by David N Johnson

October 17, 2018

I spend about 4 or so hours each day commuting to and from NYC on the bus. While I use this time to both work and think, it’s the latter that has allowed me to reflect on ideas that I feel are important. You’ve no doubt seen or have read some of the things I have written lately. They are mostly a construct of my mental musings during my commute and allow me space to get my thoughts on “paper,” so to speak.

Yesterday I was thinking about the topic of morality and the importance of having a moral code. I tried explaining this to my children (16 and 12) last night during dinner. I’m not sure if I was able to impart upon them what I was trying to convey but at least I got them thinking.

After explaining what I meant by having a moral code and why it’s important to know what you will and won’t do BEFORE being forced with a moral dilemma I asked them what are some things that they are absolutely against.

I played devils advocate a bit and asked questions like, “Since stealing is against your moral code would you steal food to feed your family if there was no other way to feed them?”

Tough question I know but I wanted them to understand what I meant by the words moral dilemma. To confuse them, even more, I brought up the idea of moral relativity (maybe a future post) and group morality. When I saw their eyes glaze over on that one I asked them another question and that question is the basis of this entire post. While it’s an important question it’s not one that I’m asking you to give me the answers to, it’s one to make you think. Reflect on it. Ponder its meaning. But, most of all ponder its answer.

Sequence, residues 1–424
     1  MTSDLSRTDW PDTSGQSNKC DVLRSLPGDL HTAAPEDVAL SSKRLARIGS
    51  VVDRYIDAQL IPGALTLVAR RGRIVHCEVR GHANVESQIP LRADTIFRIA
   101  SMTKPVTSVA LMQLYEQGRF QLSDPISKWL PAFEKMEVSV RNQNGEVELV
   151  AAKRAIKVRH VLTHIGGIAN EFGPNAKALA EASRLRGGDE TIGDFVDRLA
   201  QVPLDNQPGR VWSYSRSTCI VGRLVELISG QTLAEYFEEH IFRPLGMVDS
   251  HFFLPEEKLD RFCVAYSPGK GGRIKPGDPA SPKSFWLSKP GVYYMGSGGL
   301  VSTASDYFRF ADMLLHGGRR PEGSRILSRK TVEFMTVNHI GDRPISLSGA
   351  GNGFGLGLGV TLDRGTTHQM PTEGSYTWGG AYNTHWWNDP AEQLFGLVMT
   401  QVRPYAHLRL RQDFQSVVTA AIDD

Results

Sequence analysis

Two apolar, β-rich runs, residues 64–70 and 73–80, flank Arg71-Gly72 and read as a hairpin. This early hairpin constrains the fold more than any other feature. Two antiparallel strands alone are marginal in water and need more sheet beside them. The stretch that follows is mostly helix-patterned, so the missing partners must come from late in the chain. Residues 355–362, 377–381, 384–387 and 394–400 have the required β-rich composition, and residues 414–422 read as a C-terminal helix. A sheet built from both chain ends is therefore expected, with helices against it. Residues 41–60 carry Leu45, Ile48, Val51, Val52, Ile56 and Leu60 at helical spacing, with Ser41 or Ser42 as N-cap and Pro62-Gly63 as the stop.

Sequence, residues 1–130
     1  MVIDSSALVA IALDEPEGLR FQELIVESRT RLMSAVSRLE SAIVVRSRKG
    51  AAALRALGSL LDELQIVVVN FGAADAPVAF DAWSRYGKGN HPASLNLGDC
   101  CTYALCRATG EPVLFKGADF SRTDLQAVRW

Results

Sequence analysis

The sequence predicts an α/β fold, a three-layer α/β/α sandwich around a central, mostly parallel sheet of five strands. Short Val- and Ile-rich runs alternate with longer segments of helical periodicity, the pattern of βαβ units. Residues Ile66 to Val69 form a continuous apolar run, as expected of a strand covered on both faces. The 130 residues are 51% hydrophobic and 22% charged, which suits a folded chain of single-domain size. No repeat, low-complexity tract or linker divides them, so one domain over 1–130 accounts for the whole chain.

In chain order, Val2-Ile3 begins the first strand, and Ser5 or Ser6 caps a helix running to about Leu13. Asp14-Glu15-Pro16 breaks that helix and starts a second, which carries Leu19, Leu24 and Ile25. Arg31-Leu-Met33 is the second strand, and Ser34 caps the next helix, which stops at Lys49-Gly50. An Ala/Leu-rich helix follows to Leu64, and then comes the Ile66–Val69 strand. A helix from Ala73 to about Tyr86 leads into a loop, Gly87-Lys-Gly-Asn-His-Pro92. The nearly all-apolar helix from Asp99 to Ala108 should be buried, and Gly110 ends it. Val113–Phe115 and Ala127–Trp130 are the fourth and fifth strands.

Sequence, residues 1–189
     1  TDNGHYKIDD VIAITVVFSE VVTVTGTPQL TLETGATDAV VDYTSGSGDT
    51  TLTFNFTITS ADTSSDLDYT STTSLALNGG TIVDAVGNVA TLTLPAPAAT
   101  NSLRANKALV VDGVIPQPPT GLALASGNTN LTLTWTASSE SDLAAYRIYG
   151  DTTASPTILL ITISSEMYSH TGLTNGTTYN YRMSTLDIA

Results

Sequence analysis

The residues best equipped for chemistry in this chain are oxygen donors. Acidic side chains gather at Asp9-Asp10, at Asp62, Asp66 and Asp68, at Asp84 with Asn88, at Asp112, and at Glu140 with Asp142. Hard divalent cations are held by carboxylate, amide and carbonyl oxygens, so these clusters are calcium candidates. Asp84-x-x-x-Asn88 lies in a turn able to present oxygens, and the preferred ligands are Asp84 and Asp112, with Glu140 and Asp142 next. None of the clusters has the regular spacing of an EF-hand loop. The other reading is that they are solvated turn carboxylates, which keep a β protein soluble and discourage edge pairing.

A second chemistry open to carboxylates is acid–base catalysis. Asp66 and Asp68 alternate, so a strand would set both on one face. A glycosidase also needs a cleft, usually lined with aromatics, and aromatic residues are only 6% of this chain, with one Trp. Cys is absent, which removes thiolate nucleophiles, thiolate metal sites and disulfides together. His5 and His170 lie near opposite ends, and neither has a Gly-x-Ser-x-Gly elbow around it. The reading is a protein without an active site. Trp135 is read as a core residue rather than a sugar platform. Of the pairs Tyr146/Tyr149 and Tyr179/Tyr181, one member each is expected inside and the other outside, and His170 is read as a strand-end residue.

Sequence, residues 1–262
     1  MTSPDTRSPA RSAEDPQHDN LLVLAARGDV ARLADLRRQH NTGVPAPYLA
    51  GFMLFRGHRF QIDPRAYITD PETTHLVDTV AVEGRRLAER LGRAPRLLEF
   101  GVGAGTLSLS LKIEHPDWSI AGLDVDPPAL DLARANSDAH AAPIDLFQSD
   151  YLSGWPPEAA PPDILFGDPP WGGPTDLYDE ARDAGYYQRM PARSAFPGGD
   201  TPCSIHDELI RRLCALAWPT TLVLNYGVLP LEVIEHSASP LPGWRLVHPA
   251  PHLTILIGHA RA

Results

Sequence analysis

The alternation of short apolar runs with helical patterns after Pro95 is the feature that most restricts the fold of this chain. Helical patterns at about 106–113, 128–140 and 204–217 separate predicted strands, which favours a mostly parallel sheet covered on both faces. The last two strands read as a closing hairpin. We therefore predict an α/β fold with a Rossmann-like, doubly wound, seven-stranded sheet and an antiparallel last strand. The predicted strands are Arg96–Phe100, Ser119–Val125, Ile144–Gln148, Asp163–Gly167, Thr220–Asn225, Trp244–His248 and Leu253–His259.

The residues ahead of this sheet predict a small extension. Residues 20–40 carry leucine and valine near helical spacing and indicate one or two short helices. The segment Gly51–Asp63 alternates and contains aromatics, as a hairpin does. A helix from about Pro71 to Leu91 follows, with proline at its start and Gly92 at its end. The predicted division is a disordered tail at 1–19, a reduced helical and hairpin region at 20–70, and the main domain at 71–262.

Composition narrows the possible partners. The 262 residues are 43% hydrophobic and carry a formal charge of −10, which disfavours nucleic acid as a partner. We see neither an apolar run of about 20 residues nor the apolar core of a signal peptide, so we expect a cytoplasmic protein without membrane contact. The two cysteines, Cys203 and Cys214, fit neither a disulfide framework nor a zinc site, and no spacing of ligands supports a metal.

Question: Since your moral center is a major part of who you are, how many of your morals must you break in order NOT to be who you currently are?

If your character is comprised of morals A, B, C, D, and E can you break A, C, and E and still be you? Personally, I don’t think that you can. Yes, we are in a constant state of change, both physically and mentally but that doesn’t mean you have to change your moral core. Yes, it will evolve. It must. You must. But that doesn’t mean that you have to be somebody else to do it. You can have the life you want, the success you’ve dreamed about, AND still be you at the core. Grow, certainly. Evolve, you must. But, before you do, reflect on what is important to you and hold onto them firmly. They will keep you grounded.

About the author 

David N Johnson

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